At least as important was furthermore that in this period gradually a clear distinction was being made between secular chapters on the one hand, and monasteries, abbeys and also regular chapters on the other hand. The duties of (secular) canons and monks - which were in principle the same, namely choral prayer and service to God at regular times - were finally more regarded upon as being different. While (secular) canons were also expressly expected to have administrative tasks in both ecclesiastical and secular respect, and therefore became the most important clergy of the diocese, for monks on the contrary, this was in general considered to be less and less appropriate. This resulted in a shift of position of the abbey, which up to then had been next to and among the Utrecht chapters. The latter presented themselves in the course of time more and more distinctively as institutions which collectively formed the church of Utrecht, for which as such certain tasks and privileges were reserved. The abbey on the other hand, failed to maintain its - in principal similar and equal - position next to the chapters as part of the church of Utrecht in the long run. In numerous matters - especially concerning the administration of church and diocese - the abbey or its abbot were being involved less frequently; privileges based upon its old position were partly lost and eventually the abbey - as opposed to the chapters - was no longer actually counted as part of the ecclesia Traiectensis, the church of Utrecht. Rather than to its 'sisters', the chapters, St Paul's Abbey was finally explicitly being compared to other, much more recently founded monasteries and abbeys, which eventually even rivalled it for popularity and attraction. It is true that the abbey later still ranked as old, exclusive and distinguished. It was also held in high esteem because it was founded by Ansfried, who was worshipped as a saint. Finally, it was rich in (real) estate and rights situated throughout the diocese. However, by then the abbey no longer had the influence and the true role in the administration of the diocese it had had during the first centuries of its existence. Since then its range of action was restricted rather to the Nedersticht, that is to say, the area where the bishop exercised worldly power and which was about coterminous with the current province of Utrecht.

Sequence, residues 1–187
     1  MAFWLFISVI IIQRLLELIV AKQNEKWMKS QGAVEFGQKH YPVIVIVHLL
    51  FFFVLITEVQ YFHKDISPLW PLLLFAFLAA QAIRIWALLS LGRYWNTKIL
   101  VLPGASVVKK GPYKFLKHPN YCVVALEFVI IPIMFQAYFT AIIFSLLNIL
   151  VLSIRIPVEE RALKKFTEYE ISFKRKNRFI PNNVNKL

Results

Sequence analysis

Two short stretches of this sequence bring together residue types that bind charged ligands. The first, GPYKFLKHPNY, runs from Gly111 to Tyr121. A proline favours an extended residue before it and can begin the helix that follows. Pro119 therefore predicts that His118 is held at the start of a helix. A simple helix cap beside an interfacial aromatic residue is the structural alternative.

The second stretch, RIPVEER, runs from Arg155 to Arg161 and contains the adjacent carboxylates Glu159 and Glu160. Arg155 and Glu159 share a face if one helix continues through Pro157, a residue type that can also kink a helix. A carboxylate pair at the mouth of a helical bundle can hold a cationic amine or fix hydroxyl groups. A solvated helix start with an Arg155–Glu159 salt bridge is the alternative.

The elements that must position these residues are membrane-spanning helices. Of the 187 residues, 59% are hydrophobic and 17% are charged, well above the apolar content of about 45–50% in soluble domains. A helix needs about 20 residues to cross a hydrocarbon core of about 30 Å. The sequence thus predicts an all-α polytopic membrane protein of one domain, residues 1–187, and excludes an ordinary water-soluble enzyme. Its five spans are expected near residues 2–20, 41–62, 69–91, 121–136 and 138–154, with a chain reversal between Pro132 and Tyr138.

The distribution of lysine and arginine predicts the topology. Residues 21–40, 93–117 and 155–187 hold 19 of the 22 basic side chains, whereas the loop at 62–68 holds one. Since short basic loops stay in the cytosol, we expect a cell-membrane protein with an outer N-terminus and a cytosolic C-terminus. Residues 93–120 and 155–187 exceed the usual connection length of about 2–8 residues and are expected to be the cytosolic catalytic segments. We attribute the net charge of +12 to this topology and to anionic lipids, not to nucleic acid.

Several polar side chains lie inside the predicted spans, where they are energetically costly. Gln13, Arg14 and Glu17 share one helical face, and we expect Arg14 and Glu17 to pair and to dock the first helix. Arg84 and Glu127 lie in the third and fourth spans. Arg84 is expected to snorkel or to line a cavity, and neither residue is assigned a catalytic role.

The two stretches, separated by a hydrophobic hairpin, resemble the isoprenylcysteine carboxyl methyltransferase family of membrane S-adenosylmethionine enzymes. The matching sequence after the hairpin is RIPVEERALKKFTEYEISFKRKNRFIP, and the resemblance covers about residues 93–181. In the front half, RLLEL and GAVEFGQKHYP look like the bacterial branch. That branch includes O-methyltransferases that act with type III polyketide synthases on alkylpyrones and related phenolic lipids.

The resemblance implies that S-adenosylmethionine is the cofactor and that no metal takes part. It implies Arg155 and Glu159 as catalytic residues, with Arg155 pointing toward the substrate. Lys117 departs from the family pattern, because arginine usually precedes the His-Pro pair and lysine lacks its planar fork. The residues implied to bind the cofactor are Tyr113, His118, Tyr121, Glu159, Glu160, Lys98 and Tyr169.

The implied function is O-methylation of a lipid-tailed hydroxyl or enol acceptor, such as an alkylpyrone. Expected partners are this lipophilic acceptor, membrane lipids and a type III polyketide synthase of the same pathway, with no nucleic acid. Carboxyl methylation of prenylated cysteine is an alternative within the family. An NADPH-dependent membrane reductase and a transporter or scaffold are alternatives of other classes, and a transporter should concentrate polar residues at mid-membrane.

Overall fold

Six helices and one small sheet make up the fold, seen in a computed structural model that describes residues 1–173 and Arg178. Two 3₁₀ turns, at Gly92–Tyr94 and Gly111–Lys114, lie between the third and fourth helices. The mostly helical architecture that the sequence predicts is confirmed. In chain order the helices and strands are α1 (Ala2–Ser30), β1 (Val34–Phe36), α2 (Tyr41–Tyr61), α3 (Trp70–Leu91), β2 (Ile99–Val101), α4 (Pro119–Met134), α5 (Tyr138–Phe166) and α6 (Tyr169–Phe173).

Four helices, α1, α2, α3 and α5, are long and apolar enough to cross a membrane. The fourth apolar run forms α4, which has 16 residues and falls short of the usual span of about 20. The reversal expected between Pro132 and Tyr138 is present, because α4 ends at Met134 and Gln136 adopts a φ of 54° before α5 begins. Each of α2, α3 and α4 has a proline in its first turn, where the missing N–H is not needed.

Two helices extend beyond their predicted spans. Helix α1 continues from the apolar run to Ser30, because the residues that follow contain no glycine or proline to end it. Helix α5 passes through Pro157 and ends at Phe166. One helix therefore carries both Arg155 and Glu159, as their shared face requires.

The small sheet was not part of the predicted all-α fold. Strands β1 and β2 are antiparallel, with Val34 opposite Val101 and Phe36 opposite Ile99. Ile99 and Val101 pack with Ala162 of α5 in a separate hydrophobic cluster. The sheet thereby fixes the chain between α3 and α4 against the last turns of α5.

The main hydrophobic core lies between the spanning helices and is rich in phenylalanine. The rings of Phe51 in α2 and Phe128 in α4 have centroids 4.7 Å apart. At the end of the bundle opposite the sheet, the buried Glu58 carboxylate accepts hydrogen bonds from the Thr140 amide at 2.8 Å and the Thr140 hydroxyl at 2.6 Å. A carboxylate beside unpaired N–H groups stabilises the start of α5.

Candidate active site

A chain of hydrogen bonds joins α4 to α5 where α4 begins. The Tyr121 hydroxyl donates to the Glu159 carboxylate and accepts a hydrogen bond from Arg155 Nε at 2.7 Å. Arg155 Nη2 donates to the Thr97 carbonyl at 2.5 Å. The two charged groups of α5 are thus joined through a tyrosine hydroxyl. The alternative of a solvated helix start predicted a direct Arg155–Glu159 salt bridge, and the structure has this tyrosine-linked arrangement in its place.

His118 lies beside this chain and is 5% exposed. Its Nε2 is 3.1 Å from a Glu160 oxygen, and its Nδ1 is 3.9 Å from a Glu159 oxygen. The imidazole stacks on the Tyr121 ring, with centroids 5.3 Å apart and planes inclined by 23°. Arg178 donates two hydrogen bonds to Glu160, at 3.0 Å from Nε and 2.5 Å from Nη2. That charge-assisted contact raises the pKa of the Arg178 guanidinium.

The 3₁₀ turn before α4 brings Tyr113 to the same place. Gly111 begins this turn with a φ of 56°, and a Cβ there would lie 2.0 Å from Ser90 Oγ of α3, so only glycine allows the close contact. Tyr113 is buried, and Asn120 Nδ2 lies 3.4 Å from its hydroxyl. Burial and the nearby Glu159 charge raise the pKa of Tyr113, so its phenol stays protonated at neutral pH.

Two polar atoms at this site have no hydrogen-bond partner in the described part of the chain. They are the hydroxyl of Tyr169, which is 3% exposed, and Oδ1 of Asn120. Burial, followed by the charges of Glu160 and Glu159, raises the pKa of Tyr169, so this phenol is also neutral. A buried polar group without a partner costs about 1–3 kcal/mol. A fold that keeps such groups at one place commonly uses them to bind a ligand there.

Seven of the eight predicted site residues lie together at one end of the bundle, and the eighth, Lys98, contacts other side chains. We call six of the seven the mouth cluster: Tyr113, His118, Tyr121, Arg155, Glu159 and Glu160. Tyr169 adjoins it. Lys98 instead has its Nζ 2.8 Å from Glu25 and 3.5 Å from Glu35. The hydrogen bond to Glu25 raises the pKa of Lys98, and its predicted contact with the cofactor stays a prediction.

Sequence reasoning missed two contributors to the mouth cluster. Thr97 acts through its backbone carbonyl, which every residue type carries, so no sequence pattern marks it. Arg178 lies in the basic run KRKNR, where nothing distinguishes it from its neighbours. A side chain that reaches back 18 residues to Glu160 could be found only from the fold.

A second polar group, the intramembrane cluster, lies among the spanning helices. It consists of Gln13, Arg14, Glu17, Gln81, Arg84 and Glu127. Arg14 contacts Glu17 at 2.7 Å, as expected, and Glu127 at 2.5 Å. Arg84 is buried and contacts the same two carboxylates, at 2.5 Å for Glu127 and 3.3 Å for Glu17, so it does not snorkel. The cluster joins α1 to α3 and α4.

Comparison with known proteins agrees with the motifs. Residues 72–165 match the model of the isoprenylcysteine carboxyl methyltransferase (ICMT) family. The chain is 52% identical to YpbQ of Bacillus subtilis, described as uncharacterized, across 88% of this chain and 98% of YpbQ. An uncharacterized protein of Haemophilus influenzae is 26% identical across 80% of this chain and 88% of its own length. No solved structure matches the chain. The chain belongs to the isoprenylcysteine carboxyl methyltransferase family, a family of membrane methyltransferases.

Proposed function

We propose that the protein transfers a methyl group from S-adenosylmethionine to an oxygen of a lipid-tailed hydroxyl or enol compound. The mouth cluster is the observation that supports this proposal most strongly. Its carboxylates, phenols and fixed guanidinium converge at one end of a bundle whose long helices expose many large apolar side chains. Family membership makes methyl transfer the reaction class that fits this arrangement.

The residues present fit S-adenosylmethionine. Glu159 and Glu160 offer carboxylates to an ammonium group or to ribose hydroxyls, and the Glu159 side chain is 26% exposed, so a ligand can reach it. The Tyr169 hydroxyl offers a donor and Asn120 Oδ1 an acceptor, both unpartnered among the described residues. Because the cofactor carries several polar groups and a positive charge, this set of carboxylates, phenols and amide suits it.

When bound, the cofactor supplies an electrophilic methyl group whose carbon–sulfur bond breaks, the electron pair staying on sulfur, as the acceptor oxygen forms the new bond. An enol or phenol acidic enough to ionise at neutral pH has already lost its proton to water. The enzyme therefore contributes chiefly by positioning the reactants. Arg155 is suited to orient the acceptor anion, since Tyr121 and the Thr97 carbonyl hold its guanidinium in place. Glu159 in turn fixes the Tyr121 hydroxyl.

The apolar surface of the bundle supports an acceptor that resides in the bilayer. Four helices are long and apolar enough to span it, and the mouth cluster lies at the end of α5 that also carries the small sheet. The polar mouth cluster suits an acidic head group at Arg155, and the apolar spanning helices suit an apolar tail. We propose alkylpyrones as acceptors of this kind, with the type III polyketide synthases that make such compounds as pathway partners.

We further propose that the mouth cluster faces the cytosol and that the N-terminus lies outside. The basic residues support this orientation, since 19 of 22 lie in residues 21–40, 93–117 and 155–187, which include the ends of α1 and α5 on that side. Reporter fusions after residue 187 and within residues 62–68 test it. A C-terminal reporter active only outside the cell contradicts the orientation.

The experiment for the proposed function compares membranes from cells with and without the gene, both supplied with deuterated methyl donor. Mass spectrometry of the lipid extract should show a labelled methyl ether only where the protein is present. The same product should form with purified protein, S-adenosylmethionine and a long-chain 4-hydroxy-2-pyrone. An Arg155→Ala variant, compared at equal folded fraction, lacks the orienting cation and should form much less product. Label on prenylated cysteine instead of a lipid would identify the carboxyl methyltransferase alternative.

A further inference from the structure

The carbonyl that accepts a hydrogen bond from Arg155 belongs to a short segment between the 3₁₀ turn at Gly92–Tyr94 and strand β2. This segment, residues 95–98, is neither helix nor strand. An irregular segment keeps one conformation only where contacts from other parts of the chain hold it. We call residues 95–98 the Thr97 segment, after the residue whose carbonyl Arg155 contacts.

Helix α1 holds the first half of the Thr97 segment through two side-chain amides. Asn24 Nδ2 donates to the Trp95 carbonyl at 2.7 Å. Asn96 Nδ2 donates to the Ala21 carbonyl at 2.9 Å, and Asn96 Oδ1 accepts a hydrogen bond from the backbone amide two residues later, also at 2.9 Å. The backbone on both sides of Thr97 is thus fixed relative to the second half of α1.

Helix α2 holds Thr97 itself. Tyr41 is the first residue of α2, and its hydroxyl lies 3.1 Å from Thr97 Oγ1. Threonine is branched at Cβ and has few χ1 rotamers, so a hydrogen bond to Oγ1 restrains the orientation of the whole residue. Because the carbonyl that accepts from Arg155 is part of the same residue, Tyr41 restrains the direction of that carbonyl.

At the establishment of the monastic community at the Hohorst, Bishop Ansfried donated certain goods and rights, allocated for the maintenance of the monks. The same was done by Bishop Adelbold when the community was (re)organized as a Benedictine abbey in the 1020s and by Bishop Bernold when the abbey was moved to Utrecht and the church was consecrated there in 1050.
Charter, 1308, which includes a charter of 1050, in which Bishop Bernold confirmed the donations of his predecessors Bishop Ansfried (995-1010) and Bishop Adelbold (1010-1026), and made his own donation to St Paul's Abbey.
Contemporary portrait of the Emperor Henry III, standing between two bishops or abbots, while entering a church.
episcopal donations to the abbey have been thoroughly examined
for their origins and their contents. Besides, there has been a
thorough investigation into the implications and the further
development of the donated property in the course of time. It was
concluded that the property and the rights which the abbey acquired
through these donations, partially originated from the old property of
the church of Utrecht, which had been partitioned between the abbey and
the chapters. Besides, it turned out that the abbey explicitly shared
in the new property and rights which the church of Utrecht itself
acquired during the same period. Some of these new acquisitions had
formerly belonged to families of counts against whom the Bishop of
Utrecht functioned as a supporter for the royal authority and who had
been politically eliminated. By sharing in these acquisitions of the
church of Utrecht, the abbey got in fact involved from the start in the
role of the bishop as a political supporter of the imperial authority.
Together with the chapters, the abbey became thus mixed up in political
affairs during the rest of the eleventh century and in the early
The extent of the property in the early days of the abbey was certainly not impressive. The donations of Ansfried and Adelbold - briefly described in two confirmation charters from 1028 and 1050 - dealt with some rather extensive sets of property (landownership, including jurisdiction, churches with rights to tithes), situated mainly in the Eemland region and in the middle of the Netherlands, and furthermore in the province of South Holland and in and around the Veluwe region. In addition chiefly smaller and scattered properties and rights (in the provinces of Overijssel and North Brabant) were part of these donations. After their first mention in the oldest charters, however, these smaller properties and rights are no longer found as property of the abbey so they have probably been lost or given up at an early stage.